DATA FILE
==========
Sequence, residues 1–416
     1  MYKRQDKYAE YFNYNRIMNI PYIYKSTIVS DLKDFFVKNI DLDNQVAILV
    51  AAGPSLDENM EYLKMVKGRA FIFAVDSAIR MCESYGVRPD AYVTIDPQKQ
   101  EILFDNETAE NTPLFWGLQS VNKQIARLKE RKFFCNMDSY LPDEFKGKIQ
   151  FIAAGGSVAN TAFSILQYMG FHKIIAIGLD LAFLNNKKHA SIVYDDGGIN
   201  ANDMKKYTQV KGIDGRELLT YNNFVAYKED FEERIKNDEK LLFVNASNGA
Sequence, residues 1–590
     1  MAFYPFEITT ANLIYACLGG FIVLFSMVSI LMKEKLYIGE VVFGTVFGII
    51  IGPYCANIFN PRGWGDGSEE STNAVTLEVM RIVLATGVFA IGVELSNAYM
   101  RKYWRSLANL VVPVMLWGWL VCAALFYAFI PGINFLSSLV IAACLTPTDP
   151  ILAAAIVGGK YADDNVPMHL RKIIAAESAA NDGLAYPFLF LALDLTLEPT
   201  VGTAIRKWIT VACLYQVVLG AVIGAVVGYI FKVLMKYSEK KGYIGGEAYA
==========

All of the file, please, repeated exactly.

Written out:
Sequence, residues 1–416
     1  MYKRQDKYAE YFNYNRIMNI PYIYKSTIVS DLKDFFVKNI DLDNQVAILV
    51  AAGPSLDENM EYLKMVKGRA FIFAVDSAIR MCESYGVRPD AYVTIDPQKQ
   101  EILFDNETAE NTPLFWGLQS VNKQIARLKE RKFFCNMDSY LPDEFKGKIQ
   151  FIAAGGSVAN TAFSILQYMG FHKIIAIGLD LAFLNNKKHA SIVYDDGGIN
   201  ANDMKKYTQV KGIDGRELLT YNNFVAYKED FEERIKNDEK LLFVNASNGA
Sequence, residues 1–590
     1  MAFYPFEITT ANLIYACLGG FIVLFSMVSI LMKEKLYIGE VVFGTVFGII
    51  IGPYCANIFN PRGWGDGSEE STNAVTLEVM RIVLATGVFA IGVELSNAYM
   101  RKYWRSLANL VVPVMLWGWL VCAALFYAFI PGINFLSSLV IAACLTPTDP
   151  ILAAAIVGGK YADDNVPMHL RKIIAAESAA NDGLAYPFLF LALDLTLEPT
   201  VGTAIRKWIT VACLYQVVLG AVIGAVVGYI FKVLMKYSEK KGYIGGEAYA